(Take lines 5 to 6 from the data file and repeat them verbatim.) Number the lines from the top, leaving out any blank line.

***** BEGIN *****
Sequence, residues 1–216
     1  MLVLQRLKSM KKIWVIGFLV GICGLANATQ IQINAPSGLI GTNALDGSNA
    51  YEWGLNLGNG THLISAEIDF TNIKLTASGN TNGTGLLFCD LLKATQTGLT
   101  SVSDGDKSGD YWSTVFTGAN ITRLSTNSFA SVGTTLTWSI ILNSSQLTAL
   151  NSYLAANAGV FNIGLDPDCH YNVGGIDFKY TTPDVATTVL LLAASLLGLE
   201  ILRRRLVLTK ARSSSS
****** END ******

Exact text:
   151  NSYLAANAGV FNIGLDPDCH YNVGGIDFKY TTPDVATTVL LLAASLLGLE
   201  ILRRRLVLTK ARSSSS